Cecil County Budget: Health Dept. Asks $3 Million, Hotel Tax Delayed; Now Heavy Lifting Begins

May 18, 2017

After weeks of listening to department heads defend and explain their budget proposals, the Cecil County Council will hear from citizens next week and then the heavy lifting begins: deciding whether to accept, or cut, County Executive Alan McCarthy’s proposed Fiscal 2018 budget that would boost property tax rates and raise income taxes.

Many local residents have already weighed in during public comment sessions at Council meetings, with schools advocates and teachers urging support for the education budget while a local anti-tax group has launched an automated email campaign to oppose the budget’s tax boosts. McCarthy’s budget would raise the property tax rate by 5-cents while raising the income tax rate from 2.8 percent to 3 percent. But the new budget proposal would be fully financed by annual revenues, for the first time in many years, and would not raid a “fund balance” safety-net account that was nearly wiped out by deficit-spending during his predecessor’s four-year term.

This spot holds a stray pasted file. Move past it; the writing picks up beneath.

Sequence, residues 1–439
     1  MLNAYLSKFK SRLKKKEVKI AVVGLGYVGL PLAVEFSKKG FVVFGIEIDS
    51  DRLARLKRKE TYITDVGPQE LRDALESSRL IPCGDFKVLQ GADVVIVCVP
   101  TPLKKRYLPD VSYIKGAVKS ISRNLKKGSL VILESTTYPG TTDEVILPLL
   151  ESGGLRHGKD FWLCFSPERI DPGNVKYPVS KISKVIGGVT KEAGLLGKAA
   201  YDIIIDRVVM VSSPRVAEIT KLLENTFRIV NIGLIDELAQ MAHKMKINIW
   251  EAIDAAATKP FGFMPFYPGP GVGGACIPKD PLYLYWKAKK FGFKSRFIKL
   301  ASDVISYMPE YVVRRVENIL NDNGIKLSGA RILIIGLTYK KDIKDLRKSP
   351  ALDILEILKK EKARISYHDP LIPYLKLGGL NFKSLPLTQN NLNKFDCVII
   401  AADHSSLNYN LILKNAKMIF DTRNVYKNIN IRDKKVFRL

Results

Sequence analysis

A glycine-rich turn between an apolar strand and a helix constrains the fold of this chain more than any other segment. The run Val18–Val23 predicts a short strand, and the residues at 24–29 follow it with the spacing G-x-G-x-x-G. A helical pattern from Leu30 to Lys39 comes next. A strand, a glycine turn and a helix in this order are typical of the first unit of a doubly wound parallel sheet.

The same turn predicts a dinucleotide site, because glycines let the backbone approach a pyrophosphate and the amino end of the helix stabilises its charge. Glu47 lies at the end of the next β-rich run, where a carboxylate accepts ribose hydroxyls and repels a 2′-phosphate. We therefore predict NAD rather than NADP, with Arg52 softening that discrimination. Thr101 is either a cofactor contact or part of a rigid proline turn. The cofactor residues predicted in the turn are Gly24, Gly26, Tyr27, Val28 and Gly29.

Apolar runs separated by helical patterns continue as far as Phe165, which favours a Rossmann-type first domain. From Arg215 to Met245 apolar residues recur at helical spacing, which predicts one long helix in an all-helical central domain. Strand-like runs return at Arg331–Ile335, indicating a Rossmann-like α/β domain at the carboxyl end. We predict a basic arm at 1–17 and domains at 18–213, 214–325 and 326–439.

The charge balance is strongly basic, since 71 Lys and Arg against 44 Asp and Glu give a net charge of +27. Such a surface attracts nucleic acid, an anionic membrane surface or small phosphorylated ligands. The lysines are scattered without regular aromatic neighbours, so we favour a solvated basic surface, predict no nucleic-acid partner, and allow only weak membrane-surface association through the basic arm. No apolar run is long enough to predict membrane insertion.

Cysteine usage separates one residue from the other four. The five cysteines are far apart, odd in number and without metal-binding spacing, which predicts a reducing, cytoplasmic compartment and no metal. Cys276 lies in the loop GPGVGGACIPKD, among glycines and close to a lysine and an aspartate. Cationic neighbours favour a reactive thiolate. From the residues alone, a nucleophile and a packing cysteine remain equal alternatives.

In the final round of budget hearings before the County Council on 5/16/2017, the Health Department budget, and its key role in combatting the illegal drug epidemic and overdose deaths, was reviewed. The Cecil County Health Department is actually a state agency, staffed by state employees, but the county generally provides about 25 percent of the department’s budget. Indeed, the Council has little actual oversight power over many of the agency’s operations even as local taxpayers are asked to pay for a significant portion of the expenses.

The full Health Department budget, including state funds, was not even included in the budget presentation or in the official county budget documents posted on the county website. Only the request for $3,313,451 in funds from the county– a small reduction of $42,760 from the current fiscal year—was presented. Included in that figure is continued county support to pay salaries of three “peer recovery advocates” to work with drug and alcohol addicts, at a cost of $107,835; pre-release counseling and addiction services to inmates leaving the county detention center, at a cost of $109,011; and an early intervention program in cooperation with county schools, at a cost of $65,225.